The regulatory system of Ukraine has made an impressive progress. There are three main regulatory bodies reviewing clinical trials.

• State Service of Ukraine on Medicines and Drugs Control: for medical device trials

• Coordination Centre for Transplantology of Organs, Tissues and Cells: for cell-based therapies and tissue-engineered products

• State Expert Centre of Ministry of Health (SEC): for medicinal products, i.e., for the majority of clinical trials.

While regulatory procedures for advanced therapy and medical device trials are still vague, State Expert Centre has created a good working regulatory framework for review of clinical trials which is quite “user friendly” and with the real zero tolerance to corruption.

Ukraine is quickly becoming a very digitally advanced country. The SEC keeps in line with this trend. Electronic submissions have been allowed. Study subjects may sign informed consents electronically. SEC has launched an online consulting service which is free of charge, any Sponsor can remotely submit their request and obtain the expert’s answer within 5 working days or schedule a meeting. Submissions can be tracked online through the secure visualisation system. Electronic medical information systems are common. eCRFs are used in more than 90% of trials.

The matter of transparency in clinical trials is handled seriously. All study approvals are published on the SEC website1 on an ongoing basis. The national register of clinical trials is available to the public online either.

Review timelines for initial applications are up to 47 calendar days according to law. Although the average review time of initial submissions was just 41 days in 2021 – considerably shorter than in 2020 (50 days) and 2019 (67 days) according to Mykhailo Babenko, Head of SEC.2

Ukrainian health authorities are open to the world and participate in many international collaborations. Ukraine is a part of PIC/S (member), ICH (observer), ICMRA (associate member).

Even not being a part of the EU, Ukrainian regulators closely collaborate with EMA keeping local regulations in line with EMA recommendations. This trend is long-term as Ukraine has applied to enter the EU and currently is the candidate country.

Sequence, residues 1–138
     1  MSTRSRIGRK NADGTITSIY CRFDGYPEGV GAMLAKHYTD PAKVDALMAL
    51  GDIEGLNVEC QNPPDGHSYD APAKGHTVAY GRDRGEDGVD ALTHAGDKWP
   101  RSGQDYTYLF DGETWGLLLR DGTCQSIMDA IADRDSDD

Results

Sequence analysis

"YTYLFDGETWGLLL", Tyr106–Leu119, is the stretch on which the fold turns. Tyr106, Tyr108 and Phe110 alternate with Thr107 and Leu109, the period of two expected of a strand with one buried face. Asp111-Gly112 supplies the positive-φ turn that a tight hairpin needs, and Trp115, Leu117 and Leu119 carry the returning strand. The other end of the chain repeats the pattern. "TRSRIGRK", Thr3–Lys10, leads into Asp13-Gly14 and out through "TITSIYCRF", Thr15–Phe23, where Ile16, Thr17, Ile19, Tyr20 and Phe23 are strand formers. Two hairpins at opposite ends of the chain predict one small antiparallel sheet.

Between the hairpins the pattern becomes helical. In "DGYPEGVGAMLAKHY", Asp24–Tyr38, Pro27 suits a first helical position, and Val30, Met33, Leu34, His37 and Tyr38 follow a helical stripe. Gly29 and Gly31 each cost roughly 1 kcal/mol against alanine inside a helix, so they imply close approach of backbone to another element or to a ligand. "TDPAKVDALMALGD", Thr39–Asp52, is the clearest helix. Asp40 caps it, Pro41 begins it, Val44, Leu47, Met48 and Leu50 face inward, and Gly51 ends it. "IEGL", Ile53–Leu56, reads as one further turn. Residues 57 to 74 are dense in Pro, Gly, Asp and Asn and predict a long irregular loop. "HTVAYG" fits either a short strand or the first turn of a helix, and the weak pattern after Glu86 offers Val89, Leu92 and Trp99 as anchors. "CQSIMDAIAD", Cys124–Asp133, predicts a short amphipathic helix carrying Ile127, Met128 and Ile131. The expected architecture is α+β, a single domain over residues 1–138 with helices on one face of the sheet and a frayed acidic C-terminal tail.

Ukraine has no Central Ethics Commission but uses Local Ethics Committees (LECs), i.e., each site must have its own local ethics committee. EC applications can be reviewed in parallel with regulatory submissions, that shortens the start-up period. The approval time is up to 30 days. The consulting support of ethics committees seems undervalued. The authors believe that highly qualified ethics committees will make the transition to a more decentralised regulatory model possible, which might make Ukraine more competitive on a global scale.

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Launched CT 2012 157 2013 127 2014 132 2015 131 2016 139 2017 170 2018 178 2019 171 2020 182 Table 2. Number of launched clinical trials in Ukraine 2012–2020.

Support of Ukrainian Clinical Trials

It is a regulatory requirement that investigators must be familiar with GCP and local CT regulations. SEC requires investigators to attend their training that combines GCP and local regulations. Without this training investigators will not be allowed to conduct a clinical trial. Sponsors do also provide training according to their SOPs. But investigators must be trained at SEC regardless of sponsor training.

Investigators are frequently trained on GCP in clinical trials. Nevertheless, gaps in study staff skills and knowledge are still observed. Areas to focus on are training, educational and consulting support of investigators and study staff members.

From the practical standpoint, the following support should prove helpful: